Regardless of who should receive credit for bolstering the brands, several observers agree that Shull’s decision to focus on them, rather than on providing fulfillment services, is the best way to turn around Hanover. “I’m happy to see that he’s focusing on the brands,” says Jack Rosenfeld, president of multititle catalog company Potpourri Collection and a Hanover veteran. “The Hanover brands are strong and profitable. I think that he’s focusing on them is terrific.”
The bottom line is about making the core books more productive – or creating spin-offs that leverage brand equity productivity, says Martin Brill, a New York-based catalog and e-commerce consultant. “Just cutting circulation [as Hanover did several years ago] to give the impression of being more profitable can only go on for so long,” he explains. “Many catalogers have hit a wall in terms of their ultimate universe, but the size and health of a catalog’s house file is a tremendous measuring rod when investors are buying stock in a catalog company.”
As this issue went to press, the Postal Rate Commission (PRC) was about to rule once again on the postal rate case. The U.S. Postal Service Board of Governors (BOG) had returned the case to the PRC “under protest” on Dec. 5 after the PRC recommended an average rate increase of 4.6% in November, rather than the average hike of 6.4% the BOG had originally sought.
Postal sources interviewed by Catalog Age, including economic consultant Walter Bernheimer II, president of Wellesley, MA-based Bernheimer Associates, doubt that the PRC will change its mind and grant the BOG the rates it originally requested. Nevertheless, the BOG said in written testimony after accepting the PRC rates under protest that it was prepared to overrule the PRC if it didn’t get the additional revenue. USPS chief operating officer John Potter said in a recent speech that the USPS could lose $1.2 billion in fiscal 2001, which ends in September, if the agency doesn’t gain the rate hike it had wanted. Even if it gains that revenue, Potter said, the USPS would still lose $480 million. The chart above shows the downward spiral the agency has taken since posting an unprecedented $1.8 billion profit in 1995.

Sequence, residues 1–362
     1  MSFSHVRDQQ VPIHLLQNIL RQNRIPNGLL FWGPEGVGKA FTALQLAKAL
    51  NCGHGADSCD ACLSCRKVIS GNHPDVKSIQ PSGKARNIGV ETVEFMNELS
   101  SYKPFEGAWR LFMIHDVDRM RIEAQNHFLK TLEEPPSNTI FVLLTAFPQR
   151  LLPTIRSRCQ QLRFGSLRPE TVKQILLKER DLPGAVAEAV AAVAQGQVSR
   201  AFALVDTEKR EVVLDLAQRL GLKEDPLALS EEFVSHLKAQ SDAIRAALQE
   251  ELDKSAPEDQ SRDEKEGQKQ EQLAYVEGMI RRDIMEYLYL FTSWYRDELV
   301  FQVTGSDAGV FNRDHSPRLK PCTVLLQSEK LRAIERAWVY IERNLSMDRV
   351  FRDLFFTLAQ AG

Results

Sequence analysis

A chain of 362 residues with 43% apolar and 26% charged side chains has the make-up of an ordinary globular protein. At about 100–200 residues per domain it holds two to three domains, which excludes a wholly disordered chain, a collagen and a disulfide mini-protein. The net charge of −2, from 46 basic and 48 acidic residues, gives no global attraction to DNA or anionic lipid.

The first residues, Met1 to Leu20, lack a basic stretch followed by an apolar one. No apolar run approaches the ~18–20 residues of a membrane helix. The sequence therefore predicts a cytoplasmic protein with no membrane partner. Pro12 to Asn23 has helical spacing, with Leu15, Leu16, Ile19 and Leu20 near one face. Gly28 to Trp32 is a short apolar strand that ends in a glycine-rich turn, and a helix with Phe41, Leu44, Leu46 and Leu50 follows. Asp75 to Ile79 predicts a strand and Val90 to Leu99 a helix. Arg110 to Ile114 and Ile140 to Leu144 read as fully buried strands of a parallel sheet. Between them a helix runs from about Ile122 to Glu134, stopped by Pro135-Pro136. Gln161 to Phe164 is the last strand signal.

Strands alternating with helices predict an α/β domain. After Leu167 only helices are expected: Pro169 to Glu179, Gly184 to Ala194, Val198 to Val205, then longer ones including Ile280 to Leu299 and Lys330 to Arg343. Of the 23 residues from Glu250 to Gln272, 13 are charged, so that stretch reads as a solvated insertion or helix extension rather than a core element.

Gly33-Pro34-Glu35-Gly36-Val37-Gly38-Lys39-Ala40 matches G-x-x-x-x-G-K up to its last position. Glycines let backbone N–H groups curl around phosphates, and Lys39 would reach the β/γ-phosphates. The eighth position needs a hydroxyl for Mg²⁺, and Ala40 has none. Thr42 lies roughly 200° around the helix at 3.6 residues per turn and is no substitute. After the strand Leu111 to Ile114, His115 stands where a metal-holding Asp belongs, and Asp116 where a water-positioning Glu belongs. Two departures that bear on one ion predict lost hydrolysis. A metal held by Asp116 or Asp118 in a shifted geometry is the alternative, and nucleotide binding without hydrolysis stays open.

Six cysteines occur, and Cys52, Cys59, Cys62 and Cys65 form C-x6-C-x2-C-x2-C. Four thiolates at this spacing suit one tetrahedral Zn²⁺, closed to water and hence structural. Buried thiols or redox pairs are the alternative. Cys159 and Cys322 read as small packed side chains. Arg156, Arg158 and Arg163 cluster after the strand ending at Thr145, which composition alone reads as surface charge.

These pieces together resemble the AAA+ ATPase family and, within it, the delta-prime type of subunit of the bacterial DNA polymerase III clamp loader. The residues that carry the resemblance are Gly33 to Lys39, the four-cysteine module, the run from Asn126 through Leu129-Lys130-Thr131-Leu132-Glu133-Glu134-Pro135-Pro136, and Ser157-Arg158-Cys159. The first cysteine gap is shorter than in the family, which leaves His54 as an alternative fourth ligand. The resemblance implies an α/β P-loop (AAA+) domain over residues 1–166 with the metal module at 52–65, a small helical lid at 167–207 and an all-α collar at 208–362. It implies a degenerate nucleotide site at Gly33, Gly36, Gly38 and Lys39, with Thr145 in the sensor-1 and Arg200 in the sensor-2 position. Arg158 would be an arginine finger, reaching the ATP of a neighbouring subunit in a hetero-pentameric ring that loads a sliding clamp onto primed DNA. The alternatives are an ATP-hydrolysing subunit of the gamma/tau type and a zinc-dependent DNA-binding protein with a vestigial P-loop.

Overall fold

Consumer confidence was already flagging in early November, when the closest presidential election in recent history wreaked havoc on catalog order curves. Mailers typically expect slow sales during the days immediately before the election – and they were – but when the outcome dragged on for weeks, some catalogers never bounced back.
The day of and after the Nov. 7 election, many mailers, including apparel cataloger L.L. Bean and personal-care products marketer SelfCare, suffered a sales slowdown. But some, such as jewelry, tabletop, and gifts cataloger/retailer Ross-Simons, “didn’t get a late rush of orders to make up for it,” says Bob Simone, executive vice president/chief operating officer for the Cranston, RI-based company. Ross-Simons’s holiday sales came in below plan at 5%-6% ahead of last year’s sales on a 7%-8% circulation gain.
Gifts cataloger Wild Wings moved up its early November drop to Nov. 1 to avoid mailing during the week of the election. “We then remailed the same catalog with a different cover on Nov. 21,” says Andrew Webster, the Lake City, MN-based marketer’s direct mail manager. “Orders slowed down almost immediately [following the election] but picked up once again after the turmoil dropped off. But I don’t know if we regained the number of orders we lost – I suspect a majority of those election-time orders were lost for good.”
Those catalogers that made or beat plans were able to fend off what at least one recent report on overall retail sales called “the worst holiday season in a decade.” Indeed, as both The Conference Board’s and the University of Michigan’s economic indices for December indicate, consumer confidence has plunged.
The University of Michigan’s Index of Consumer Sentiment statement for December showed a 9% drop in consumer confidence between November and December, from 107.6 to 98.4. Even worse, the university’s Index of Consumer Expectations plunged 11%, from 101.6 in November to 90.7 in December.
Similarly, The Conference Board’s Consumer Confidence Index fell 3%, from 132.6 in November to 128.3 in December. The Expectations Index fell more steeply, from 101.2 to 95.8, while the Present Situation index ebbed from 179.7 to 177.0. If expectations continue on this downward trend, many analysts believe a more severe economic slowdown may be on the horizon.